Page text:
Deductible

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Deductible for legal purposes means some kind of expense that reduces the amount someone owes.

Regarding insurance, a deductible is an amount in an insurance claim that the provider deducts from a claim that must be paid by the insurance holder, or a deductible is the amount an individual must pay before the insurance begins paying out for claims. For example, Johnny wrecks his car causing $10,000 in damage. If Johnny has a $1,000 deductible, the insurance company would only pay $9,000.

Deductible in tax law (referred to as a tax deductible) means an item or expense that can reduce the taxes a person owes in a given year. A deductible item is subtracted from the total taxable income which can substantially reduce taxes owed by an individual or corporation. Often charitable contributions, other taxes, healthcare costs, capital losses, and many business expenses can be deducted, but what can be deducted and how much varies based on the jurisdiction and whether the tax is for an individual or organization. On the federal level, an alternative tax minimum limits the amount many individuals can deduct from their taxes. For example, if an individual made $300,000 with a tax rate of 25%, the taxes would be $75,000, but if the individual had $50,000 worth of deductibles, that person would only owe $25,000 ($75,000-$50,000=$25,000). However, if there was a minimum tax rate of 10% for individuals with income over $100,000, that person would be required to pay the minimum of $30,000 ($300,000*.1=$30,000).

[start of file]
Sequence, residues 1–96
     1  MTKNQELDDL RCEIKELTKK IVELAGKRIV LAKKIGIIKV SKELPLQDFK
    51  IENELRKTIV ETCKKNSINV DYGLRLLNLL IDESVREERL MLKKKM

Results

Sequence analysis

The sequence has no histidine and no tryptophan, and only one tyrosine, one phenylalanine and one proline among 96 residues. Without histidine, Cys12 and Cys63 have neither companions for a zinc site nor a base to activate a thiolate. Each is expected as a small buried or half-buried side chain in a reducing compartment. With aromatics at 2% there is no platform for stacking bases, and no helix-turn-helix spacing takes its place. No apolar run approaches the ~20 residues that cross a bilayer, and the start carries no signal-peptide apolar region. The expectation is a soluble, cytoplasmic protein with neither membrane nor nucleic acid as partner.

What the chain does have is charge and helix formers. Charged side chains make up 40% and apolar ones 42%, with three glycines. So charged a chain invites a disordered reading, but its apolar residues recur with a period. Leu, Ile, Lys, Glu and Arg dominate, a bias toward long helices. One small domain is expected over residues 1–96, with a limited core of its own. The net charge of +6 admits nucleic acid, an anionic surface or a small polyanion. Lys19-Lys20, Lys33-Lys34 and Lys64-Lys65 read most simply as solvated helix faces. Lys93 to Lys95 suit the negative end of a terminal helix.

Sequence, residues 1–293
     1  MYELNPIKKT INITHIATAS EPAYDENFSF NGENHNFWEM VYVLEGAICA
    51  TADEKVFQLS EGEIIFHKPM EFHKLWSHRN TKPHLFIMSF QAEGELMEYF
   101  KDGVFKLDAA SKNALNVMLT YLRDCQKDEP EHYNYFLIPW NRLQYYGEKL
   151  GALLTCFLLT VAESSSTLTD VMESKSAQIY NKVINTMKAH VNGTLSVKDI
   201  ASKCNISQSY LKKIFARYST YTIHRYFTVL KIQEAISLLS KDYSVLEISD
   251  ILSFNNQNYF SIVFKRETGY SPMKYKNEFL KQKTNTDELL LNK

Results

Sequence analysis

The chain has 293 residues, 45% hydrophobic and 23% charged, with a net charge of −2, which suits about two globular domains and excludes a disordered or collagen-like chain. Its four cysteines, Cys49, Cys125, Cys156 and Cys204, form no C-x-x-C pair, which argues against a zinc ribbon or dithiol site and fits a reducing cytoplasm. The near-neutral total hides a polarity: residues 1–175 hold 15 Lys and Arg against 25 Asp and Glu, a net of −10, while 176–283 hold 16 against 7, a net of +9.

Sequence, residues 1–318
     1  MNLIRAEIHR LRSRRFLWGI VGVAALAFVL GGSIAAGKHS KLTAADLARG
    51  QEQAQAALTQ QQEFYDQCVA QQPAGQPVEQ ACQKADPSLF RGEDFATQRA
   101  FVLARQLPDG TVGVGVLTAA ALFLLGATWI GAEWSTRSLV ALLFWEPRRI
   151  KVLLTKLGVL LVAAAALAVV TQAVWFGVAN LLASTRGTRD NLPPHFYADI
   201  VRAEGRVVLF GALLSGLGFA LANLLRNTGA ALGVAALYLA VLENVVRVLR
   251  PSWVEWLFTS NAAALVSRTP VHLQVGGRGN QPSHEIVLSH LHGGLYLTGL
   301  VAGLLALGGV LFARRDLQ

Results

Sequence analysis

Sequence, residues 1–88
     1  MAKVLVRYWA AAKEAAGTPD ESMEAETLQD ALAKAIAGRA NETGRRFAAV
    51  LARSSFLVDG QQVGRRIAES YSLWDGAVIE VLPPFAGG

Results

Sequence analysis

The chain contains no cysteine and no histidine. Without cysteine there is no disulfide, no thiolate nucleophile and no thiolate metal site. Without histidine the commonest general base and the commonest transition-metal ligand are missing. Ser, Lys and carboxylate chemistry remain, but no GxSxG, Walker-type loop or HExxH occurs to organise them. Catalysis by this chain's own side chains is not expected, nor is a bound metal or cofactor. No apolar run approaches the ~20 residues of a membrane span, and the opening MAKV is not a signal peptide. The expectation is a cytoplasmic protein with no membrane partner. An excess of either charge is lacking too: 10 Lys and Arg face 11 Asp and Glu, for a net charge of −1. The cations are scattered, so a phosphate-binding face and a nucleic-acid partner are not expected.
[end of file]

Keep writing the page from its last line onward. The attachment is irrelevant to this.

[Last updated in July of 2021 by the Wex Definitions Team]